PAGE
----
Daily Management Review

Calling it Part of a 'Buffet of Options', White House Softens 20% Border Tax Idea


Calling it Part of a 'Buffet of Options', White House Softens 20% Border Tax Idea
Having received widespread attention in the wake of a dispute between President Donald Trump and Mexican President Enrique Pena Nieto over plans to construct a border wall between the two countries, White House press secretary Sean Spicer clarified earlier remarks he made on Thursday about the Trump administration's position on a possible 20 percent border tax.
He pulled several reporters aside to clarify the administration's position, after Spicer floated the idea of a tax to pay for the border wall. His earlier comments aboard Air Force One were not meant to be a specific rollout of a new proposal, Spicer said in an impromptu meeting in his office.
"I just want to be clear: we are not being prescriptive and saying this is the only way. Nor is the rate prospective," Spicer said. "There are several ways this could happen."
To cover the expected multibillion dollar cost of a border wall, the White House is seeking to highlight potential funding mechanisms and Spicer's comments came amidst such efforts. The Republican-controlled Congress has projected a $12 billion to $15 billion cost for the wall, Senate Majority Leader Mitch McConnell said.
Revenue could be generated through comprehensive tax reform negotiations on Capitol Hill this year, Spicer suggested in the meeting.
A border tax is just one of a "buffet of options" to pay for the wall, said White House Chief of Staff Reince Priebus who ducked into the meeting momentarily.
There would be offsetting "dynamic" benefits to having a border wall paid for by a border tax. Spicer said when pressed on whether such a tax would increase costs for American consumers.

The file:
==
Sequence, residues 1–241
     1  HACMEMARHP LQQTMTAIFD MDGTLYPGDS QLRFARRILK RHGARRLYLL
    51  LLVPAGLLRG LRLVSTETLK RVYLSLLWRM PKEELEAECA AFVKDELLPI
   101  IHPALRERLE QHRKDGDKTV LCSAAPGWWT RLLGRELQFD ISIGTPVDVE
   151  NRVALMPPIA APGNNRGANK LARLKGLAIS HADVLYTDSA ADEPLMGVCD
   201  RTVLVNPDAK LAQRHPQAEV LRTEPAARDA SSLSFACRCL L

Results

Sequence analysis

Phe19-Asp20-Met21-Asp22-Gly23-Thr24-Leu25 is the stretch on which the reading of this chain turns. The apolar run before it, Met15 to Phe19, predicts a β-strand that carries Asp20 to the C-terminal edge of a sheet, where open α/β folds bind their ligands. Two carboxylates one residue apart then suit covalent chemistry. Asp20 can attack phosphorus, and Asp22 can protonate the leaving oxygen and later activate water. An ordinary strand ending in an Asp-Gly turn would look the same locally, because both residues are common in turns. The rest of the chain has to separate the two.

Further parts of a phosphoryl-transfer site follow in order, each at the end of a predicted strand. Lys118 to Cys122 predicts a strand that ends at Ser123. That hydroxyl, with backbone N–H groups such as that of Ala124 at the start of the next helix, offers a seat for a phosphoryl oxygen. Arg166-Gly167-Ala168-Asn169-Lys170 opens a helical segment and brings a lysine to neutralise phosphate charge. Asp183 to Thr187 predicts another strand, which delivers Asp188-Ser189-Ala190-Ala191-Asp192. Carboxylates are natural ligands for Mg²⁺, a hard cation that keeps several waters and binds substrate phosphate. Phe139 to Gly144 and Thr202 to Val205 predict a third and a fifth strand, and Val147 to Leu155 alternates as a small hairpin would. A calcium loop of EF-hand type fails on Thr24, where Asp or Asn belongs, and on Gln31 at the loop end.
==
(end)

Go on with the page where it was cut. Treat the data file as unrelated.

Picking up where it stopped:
"Right now they're also paying for the flood of illegal immigration coming in and the cost to US workers from that," he said. "They're paying for increased costs to secure the border and border agents, so it's a cost benefit analysis you need to do."
"Not if Walmart also recognizes that they can create jobs in the United States and not face that tax", Spicer said when asked hypothetically if a company such as Walmart would be forced to pass on any tax increase to its customers in the form of price hikes.
Trump will put American workers first through all negotiations on paying for the wall, Spicer emphasized.
America's southern neighbor will pay for the barrier in some form, Trump has repeatedly insisted. His country will not fund the wall, Pena Nieto has stressed.
"I have said it over and over again. Mexico will not pay for any wall," he said in an address to the nation. 
He would not come to Washington next week for a planned summit with Trump, Pena Nieto announced earlier on Thursday. The meeting should be canceled if Mexico isn't willing to pay for the wall, Trump tweeted earlier.
Following through on a key campaign promise, an executive order directing the construction of a physical wall along the U.S.-Mexico border was signed by Trump on Thursday. Relations between the president and Pena Nieto have been strained due to that directive and other executive orders related to immigration.